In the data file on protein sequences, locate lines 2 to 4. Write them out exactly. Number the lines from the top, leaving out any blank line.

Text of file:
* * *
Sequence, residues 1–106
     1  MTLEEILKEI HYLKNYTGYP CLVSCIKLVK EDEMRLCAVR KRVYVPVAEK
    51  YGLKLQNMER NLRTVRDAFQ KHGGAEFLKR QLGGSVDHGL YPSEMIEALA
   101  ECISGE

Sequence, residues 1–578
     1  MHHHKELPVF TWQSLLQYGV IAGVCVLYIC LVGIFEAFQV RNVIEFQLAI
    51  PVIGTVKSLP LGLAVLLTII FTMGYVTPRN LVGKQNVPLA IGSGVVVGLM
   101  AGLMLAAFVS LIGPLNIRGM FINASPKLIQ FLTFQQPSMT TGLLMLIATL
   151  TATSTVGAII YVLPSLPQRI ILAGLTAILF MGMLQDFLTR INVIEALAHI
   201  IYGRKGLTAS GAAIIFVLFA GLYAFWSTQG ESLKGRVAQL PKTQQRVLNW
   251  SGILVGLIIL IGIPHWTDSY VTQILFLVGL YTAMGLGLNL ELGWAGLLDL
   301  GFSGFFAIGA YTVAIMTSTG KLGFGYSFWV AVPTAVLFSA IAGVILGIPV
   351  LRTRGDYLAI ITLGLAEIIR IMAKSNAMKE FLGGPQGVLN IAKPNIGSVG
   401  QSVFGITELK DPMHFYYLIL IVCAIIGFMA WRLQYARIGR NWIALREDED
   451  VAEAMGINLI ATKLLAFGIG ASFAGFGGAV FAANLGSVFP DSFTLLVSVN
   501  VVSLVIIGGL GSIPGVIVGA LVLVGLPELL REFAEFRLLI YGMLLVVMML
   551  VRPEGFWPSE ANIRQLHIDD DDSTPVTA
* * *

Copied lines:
     1  MTLEEILKEI HYLKNYTGYP CLVSCIKLVK EDEMRLCAVR KRVYVPVAEK
    51  YGLKLQNMER NLRTVRDAFQ KHGGAEFLKR QLGGSVDHGL YPSEMIEALA
   101  ECISGE